We need to think differently about the class divisions in today’s society, says Kitty Ussher
Sometimes it feels very un-British to talk about class. But, without it, we struggle to get a handle on the tensions in British society today, let alone what can be done about them.
The importance of class considerations in the foundation of our party is well known. But still, half a century later, even among the revisionist wing of the party, discussion of class was explicit. In The Future of Socialism in 1956, Tony Crosland concluded that to remove tension in society equality of opportunity was not enough and needed to be combined with proactive measures ‘to equalise the distribution of rewards and privileges so as to diminish the degree of class stratification’.
Back then he pinpointed education as the key area for intervention, eulogising that a successful outcome would be when school choice ‘is a matter of personal preference and local accident … all will provide routes to the Universities and every kind of occupation … and it will cease to occur to employers what school job-applicants have been to.’
What would Crosland have picked out as the defining class issue were he writing today? Although there are still big issues to overcome in education, as progressive organisations like Teach First remind us, there have also been significant improvements. In fact, Mike Savage at the London School of Economics argues in his 2015 book, Social Class in the 21st Century, that there are ‘considerable limitations’ to calls for more education as a means of encouraging social mobility and addressing class inequalities.
Instead, he emphasises the ‘mundane and ordinary accumulation’ of the ‘ordinary’ wealth elite. This accumulation occurs through the ownership of houses that rise in value, through the acquisition of status from association with specific institutions such as the elite universities and parliament, and through access to ‘highbrow’ culture that is located in places that are in London or feel similar to London (including French restaurants and jazz, apparently). Looking at these findings, alongside the voting patterns and the debate on elites that emerged after the referendum, it seems to me that, were he writing today, Crosland may have pinpointed issues to do with geography, house prices and cosmopolitan/London-ness as the defining class variables.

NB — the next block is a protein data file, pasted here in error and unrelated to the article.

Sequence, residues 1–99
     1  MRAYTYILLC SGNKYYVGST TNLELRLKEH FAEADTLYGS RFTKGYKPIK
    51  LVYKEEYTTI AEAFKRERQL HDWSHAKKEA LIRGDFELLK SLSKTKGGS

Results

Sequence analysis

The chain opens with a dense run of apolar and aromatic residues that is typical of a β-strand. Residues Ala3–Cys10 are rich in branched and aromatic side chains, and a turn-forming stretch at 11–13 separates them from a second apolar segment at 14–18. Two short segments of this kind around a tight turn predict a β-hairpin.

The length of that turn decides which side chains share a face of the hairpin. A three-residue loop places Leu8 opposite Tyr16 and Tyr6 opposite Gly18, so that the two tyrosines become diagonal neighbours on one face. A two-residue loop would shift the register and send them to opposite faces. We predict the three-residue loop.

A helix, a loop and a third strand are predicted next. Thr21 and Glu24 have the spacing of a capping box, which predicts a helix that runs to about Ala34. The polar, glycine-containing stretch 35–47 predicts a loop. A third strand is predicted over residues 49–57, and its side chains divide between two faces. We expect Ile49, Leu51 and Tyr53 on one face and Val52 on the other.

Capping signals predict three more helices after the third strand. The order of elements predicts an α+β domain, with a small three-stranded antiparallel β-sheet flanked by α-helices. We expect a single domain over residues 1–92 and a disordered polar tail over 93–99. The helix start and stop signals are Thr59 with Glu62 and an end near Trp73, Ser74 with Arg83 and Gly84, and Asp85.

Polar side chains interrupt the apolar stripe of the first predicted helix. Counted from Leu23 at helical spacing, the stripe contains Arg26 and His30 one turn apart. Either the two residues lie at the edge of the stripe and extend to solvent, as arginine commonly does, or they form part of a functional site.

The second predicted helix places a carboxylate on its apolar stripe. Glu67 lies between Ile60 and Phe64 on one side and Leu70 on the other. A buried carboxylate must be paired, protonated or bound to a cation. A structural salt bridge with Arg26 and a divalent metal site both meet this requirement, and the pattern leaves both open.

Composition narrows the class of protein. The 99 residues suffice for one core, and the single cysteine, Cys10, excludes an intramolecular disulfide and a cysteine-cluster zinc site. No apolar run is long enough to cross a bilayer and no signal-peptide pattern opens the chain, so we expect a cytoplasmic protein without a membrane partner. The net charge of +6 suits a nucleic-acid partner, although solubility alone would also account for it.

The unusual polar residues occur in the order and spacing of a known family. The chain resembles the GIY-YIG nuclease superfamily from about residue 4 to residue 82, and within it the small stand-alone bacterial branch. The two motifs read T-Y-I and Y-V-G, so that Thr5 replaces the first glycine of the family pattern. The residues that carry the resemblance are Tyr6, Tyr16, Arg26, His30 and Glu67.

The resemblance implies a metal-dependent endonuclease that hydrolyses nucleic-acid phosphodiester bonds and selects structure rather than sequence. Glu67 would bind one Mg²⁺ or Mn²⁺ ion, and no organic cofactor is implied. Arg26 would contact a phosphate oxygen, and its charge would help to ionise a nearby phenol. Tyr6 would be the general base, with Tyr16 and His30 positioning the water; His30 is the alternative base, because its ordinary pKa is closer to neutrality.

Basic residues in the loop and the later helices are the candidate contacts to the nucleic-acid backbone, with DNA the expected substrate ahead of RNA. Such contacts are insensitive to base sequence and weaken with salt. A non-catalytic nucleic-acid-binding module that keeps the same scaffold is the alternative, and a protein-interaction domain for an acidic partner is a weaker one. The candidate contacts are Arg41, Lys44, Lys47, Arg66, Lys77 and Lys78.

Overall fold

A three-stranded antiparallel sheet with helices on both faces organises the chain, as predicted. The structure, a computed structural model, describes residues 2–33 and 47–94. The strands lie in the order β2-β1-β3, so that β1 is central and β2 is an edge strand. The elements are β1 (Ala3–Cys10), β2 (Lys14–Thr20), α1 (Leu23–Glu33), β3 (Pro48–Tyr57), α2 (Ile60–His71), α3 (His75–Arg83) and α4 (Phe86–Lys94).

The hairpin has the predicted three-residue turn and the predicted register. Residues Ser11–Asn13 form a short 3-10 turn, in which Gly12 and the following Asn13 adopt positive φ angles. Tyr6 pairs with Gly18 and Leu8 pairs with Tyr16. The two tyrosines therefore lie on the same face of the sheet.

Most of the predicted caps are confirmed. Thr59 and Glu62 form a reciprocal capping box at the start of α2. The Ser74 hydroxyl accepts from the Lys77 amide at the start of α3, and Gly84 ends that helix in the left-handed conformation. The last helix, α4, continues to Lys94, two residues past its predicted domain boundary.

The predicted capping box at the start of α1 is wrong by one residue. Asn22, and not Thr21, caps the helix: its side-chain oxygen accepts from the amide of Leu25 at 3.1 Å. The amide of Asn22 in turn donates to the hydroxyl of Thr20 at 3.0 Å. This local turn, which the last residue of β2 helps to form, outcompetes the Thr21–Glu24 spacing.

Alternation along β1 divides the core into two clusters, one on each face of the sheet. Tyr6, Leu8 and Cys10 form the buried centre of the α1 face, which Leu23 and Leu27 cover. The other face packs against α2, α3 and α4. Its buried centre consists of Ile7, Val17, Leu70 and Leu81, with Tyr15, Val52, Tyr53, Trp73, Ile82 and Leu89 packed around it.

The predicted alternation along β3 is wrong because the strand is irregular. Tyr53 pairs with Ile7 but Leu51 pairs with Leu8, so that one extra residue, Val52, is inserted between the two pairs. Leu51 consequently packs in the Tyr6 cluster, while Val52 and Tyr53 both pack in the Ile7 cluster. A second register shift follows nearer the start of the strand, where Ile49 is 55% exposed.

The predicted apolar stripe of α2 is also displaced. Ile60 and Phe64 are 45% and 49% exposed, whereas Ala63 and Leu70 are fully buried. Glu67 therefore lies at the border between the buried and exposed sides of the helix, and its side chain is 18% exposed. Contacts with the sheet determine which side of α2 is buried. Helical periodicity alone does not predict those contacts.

This analysis is harder for today’s Labour party than the easy, if unacceptable, stratification that emerged from the industrial revolution. The divisions exposed are more embedded and real than having a quick pop at the top one per cent. They cut to the heart of the way our country is structured, with the combined middle and elite groupings making up over half of all households. Meanwhile, the most vulnerable group in the LSE typology, the ‘precariat’ on 15 per cent, is unorganised and disengaged and so cannot of itself deliver an electoral mandate. While a Labour government will always be concerned with providing greater security for the precariat, many of the divides that cause class stratification and resentment are actually situated higher up, around issues to do with house prices and cultural capital, rather than between those who live hand to mouth and those who do not.
If class still matters – and I would suggest that insofar as it causes resentment then it does – then the political challenge is to find an offer that diminishes the stratification but is sufficiently broad-based to command support.
We explored some of these issues in some recent research for the Smith Institute that used the new official data series on wealth and assets to create a typology of all UK households based on their asset-ownership (see box opposite). The key point is that housing ownership is such an important variable that it simply is not possible to discuss the distribution of wealth without it.
This takes us straight back to the analysis about class divides: over their lives people in Britain invest in bricks and mortar before pensions and other forms of assets, which means that wealth depends crucially on what happens to house prices during that time. And if status partly comes from the cultural capital associated with London-ness, and you are priced out of London-type markets, it is hard not to feel that other people have things that you simply cannot have.